These past few weeks have been busy, between going to Ann Arbor, teaching, performing around DC, and general living. I've got a lot to say about that, and tracks to post, but not tonight.
Instead, I thought I'd share what I'm listening to this beautiful, peaceful Sunday evening. It is only about 10 minutes long, and I would strongly encourage/challenge you to listen to the whole thing - just take it in, sit with it, and be immersed.
Japanese Buddhist Chanting by Gary Prince
Last December I went to Japan, for the first time, to visit my younger brother Ian Prince. Ian is an assistant language teacher in the JET program, in Oshima of Imabari, a small island in the Inland Sea. While there, my family and I traveled around a good bit, spending several days in Kyoto, visiting temples and sight seeing. That's where this recording comes from.
I wish I could say I knew more about it. Each of the major Buddhist temples in Japan has a small gift shop where they sell charms, amulets, votive tablets, and other similar souvenirs. Though they often carry the same kind of stuff, each temple's selection of things is a little different and specific to that temple. This recording comes from one of the first temples we visited, in Kyoto. I'm ashamed to say I don't remember the name. It was on a cassette tape, and I got it as a souvenir for Matt Endahl, who was good enough to transfer it to digital at the WCBN studios when I was visiting Ann Arbor. The writing on the cassette case is, of course, entirely in Japanese, with an image of a lotus flower on the front, and I have no idea what is going on. The woman who sold it to me told me it was monks chanting sutras (the words of the Buddha). That was all I could get out of her - the language barrier was pretty severe.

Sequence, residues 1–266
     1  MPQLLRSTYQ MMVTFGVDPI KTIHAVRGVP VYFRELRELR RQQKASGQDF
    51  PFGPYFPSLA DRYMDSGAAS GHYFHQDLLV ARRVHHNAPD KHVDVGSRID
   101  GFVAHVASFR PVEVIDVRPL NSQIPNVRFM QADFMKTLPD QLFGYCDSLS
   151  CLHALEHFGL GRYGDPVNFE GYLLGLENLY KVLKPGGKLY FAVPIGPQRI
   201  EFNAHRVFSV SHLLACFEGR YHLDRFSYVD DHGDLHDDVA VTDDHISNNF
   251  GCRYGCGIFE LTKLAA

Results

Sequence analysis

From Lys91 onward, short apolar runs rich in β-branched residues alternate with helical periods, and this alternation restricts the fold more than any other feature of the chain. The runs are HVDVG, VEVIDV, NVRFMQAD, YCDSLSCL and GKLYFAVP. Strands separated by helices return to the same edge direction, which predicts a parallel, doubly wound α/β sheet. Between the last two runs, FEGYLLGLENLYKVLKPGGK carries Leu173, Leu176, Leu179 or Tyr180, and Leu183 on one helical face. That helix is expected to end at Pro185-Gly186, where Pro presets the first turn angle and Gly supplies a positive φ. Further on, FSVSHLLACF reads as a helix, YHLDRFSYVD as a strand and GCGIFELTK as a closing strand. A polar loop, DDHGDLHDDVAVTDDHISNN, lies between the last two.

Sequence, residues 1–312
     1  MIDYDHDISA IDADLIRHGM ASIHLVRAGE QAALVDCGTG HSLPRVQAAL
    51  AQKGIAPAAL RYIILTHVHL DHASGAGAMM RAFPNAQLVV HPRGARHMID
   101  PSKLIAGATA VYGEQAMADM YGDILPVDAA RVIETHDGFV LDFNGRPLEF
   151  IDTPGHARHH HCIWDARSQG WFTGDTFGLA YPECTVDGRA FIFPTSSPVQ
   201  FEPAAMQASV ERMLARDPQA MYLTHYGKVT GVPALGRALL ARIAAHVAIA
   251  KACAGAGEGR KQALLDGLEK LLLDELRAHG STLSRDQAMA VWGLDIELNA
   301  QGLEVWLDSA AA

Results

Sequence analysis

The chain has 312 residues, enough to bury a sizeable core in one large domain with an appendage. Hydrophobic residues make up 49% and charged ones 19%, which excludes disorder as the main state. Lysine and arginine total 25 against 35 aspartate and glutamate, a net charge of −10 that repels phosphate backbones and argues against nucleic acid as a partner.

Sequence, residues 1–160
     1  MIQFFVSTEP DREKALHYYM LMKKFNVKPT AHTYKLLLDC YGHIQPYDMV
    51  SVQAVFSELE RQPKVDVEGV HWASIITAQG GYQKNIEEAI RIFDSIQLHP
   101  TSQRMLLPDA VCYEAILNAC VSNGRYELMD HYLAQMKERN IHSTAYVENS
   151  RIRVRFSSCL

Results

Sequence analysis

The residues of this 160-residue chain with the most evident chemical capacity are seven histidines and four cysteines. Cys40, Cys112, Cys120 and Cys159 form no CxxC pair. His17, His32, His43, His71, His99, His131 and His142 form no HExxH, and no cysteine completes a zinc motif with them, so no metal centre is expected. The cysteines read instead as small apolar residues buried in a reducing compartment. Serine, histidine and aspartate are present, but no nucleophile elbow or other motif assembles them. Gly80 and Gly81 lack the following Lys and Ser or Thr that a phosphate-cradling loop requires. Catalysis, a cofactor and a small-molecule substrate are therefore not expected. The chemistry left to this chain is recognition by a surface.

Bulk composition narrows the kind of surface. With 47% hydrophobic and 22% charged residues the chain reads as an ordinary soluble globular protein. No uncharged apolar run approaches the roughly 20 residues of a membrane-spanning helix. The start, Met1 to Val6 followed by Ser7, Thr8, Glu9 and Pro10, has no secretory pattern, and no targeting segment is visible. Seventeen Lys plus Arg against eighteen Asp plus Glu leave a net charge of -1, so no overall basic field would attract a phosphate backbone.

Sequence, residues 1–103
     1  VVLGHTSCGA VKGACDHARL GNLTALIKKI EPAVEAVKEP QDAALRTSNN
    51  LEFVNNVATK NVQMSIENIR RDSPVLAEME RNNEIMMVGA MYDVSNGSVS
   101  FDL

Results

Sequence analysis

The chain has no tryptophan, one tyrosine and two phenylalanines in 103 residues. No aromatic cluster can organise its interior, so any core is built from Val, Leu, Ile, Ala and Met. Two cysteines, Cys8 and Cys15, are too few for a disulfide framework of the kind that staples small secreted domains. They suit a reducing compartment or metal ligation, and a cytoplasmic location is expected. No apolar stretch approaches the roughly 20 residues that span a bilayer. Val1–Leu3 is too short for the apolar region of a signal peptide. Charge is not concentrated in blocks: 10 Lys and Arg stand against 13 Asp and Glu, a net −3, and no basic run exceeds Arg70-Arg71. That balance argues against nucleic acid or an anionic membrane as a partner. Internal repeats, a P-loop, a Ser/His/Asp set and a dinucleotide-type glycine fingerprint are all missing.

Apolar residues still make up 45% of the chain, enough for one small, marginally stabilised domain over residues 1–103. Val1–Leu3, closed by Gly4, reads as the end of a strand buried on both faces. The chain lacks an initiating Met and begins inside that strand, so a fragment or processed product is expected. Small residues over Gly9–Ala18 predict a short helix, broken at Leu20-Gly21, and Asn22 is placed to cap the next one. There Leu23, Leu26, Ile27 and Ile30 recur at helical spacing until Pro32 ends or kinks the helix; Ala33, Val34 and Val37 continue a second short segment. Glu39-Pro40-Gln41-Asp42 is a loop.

So, enjoy. The monks are hitting large wood bells for accompaniment - like these
Also, a large, resonating metal bowl (the sound at the beginning, like a gong):
And a higher pitched chime like instrument that I don't have a picture of. These pictures come from one of the temples, also in Kyoto.
I feel like we have a tendency, in our modern, secular, commodity driven experience of music, to forget that music can be experienced in this way: as a part of religious ritual, as a way to experience a trance like state, through repetition and rhythmic consistency. This music (and it is music) doesn't go anywhere. There is no journey, no narrative, just the experience of the sound. Music doesn't need to go anywhere. It doesn't need to have a goal, a beginning, or an end, or development. Development is not inherent to the nature of music, it is a tool we can choose to use, or to abandon! The power of this music is manifest when you allow yourself to be immersed in it brought into sync with the vibration. For further proof, look to the minimalist composers, look to noise musicians, look to baptism by sound, look to the music of nature, the music of the cars passing in the street, the sirens in the distance, the neighbor's windchimes, all of them barely audible through the open window, but always playing...